Currant Events: Berries for the Birds

This time of year you can see the cardinals and robins hopping around my wild black currant (Ribes americanum), helping themselves to the black fruit. I have a corner of my backyard devoted to wild black currant, which is one of my favorite native shrubs. It grows about 3-4′ and is about as carefree as they come, seemingly unbothered even by this year’s drought.

Wild Black Currant fruit

Wild black currant does best in part shade, but is otherwise very adaptable. It bears tart, edible berries over a long period in the summer, which are very popular with the birds. The maple-like foliage is nice and in spring there are long racemes of chartreuse flowers, understated but attractive nonetheless.

Wild Black Currant in April.

I’ve planted a second type of currant more recently, clove currant (Ribes odoratum). This is their second summer since I planted them in the front yard. Clove currant prefers sun. This year one of the three bloomed and bore berries for the first time. The others are still coming along. In spring clove currant has yellow flowers with a powerful clove fragrance. I placed them so that passersby on the sidewalk would notice the scent.

Clove Currant flowers


Clove Currant fruit


14 Comments on “Currant Events: Berries for the Birds

  1. I love clove currant, especially for its fragrance. I haven’t tried wild black currant – I wonder if it would survive here?

    • According to the USDA website, it’s native to Missouri and Nebraska, though not to Kansas. If you’ve got a shady spot you might want to give it a try.

    • I think they do, but I wish they could find another way of showing their affection other than pooping on my lawn furniture.

  2. I’m glad I found your blog! These are beautiful photos and great information. We have four currant bushes in the garden–although I’m not sure they’re native. But the foliage gets interesting in the fall. Very nice post. I noticed on your comment on Wife, Mother, Gardener that you’re dealing with drought, too. It’s so disconcerting, isn’t it?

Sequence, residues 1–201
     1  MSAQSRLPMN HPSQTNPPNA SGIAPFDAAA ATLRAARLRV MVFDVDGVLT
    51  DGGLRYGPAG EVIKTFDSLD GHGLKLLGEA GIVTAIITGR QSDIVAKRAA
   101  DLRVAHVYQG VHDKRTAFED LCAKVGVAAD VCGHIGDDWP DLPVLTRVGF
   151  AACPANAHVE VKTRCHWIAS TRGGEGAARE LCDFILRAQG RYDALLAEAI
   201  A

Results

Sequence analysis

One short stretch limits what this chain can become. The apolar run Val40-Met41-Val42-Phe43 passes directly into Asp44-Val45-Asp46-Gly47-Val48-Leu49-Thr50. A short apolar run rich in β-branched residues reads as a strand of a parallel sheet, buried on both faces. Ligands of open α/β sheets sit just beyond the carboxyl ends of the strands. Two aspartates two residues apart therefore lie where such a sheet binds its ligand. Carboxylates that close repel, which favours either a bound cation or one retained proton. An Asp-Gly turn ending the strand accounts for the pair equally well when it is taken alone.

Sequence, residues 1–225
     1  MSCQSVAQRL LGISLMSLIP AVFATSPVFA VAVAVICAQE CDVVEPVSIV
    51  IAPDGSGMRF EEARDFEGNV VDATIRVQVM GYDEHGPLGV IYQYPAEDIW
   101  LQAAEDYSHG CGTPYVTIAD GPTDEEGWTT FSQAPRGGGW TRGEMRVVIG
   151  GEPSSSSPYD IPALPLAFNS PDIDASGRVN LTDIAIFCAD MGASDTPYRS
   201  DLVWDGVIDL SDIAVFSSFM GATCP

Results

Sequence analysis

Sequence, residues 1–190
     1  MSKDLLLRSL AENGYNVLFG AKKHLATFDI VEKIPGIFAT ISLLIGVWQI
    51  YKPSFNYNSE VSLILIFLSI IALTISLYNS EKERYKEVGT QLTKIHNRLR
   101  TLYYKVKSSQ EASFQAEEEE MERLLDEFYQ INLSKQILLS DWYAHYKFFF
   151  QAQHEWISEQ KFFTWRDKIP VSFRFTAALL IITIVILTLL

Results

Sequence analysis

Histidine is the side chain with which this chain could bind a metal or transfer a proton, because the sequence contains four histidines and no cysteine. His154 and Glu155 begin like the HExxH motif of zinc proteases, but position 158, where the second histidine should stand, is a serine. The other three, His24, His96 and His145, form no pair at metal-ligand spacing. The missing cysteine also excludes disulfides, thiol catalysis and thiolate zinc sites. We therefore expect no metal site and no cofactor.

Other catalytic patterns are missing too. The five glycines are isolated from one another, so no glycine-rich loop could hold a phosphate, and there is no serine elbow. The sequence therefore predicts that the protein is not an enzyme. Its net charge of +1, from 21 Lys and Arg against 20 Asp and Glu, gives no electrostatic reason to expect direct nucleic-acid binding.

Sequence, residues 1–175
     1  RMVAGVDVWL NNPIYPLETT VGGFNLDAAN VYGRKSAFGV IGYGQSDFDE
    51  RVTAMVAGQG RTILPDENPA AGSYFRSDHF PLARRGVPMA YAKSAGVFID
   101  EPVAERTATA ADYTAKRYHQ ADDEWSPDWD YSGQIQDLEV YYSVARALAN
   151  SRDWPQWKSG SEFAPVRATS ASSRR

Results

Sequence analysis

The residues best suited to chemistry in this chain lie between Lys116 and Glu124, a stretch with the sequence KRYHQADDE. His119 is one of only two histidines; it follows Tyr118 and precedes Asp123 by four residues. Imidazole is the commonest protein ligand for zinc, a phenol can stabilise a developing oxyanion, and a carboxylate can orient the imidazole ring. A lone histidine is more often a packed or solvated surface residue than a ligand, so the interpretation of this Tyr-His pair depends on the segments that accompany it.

3. A very timely topic for me, I’m looking for something to produce berries for the birds mid/late summer that can take our hot dry summers, I tried blueberries but they weren’t happy here. Hopefully I can track down some currant bushes this fall. Thanks for the tip, if your birds love them then I’m sure mine will too!

    • They may be difficult to find at garden centers, but they have them at the on-line native plant nursery Shooting Star Nursery in Kentucky. That’s where I got mine.

  4. Wow, that’s a lot of currants. We have two very mature ornamental redcurrants that look amazing in spring and then boring for the rest of the year. They were planted by the previous owners and sometimes I wish they had put an edible variety in.

  5. My currants aren’t really exciting plants. Most of the year they have nice foliage that provides a nice background for others who are more interesting. A big part of what these currants offer is not a quality of the plant itself but a chance to watch the birds and animals feeding on the berries.

  6. I so agree with you… any plant that excites the wildlife is worth growing. They are the welcome guests of my gardens, Except for the magpies,

  7. Have been planning to add clove currants for some time to my garden and after reading your post I will have to redouble my efforts. I had an instructor at the Chicago Botanic Garden some years ago who raved about them. She planted them right under her kitchen window because of the fragrance.

    • I ordered mine from ForestFarm. They arrive smallish and take a couple years to get some bulk.

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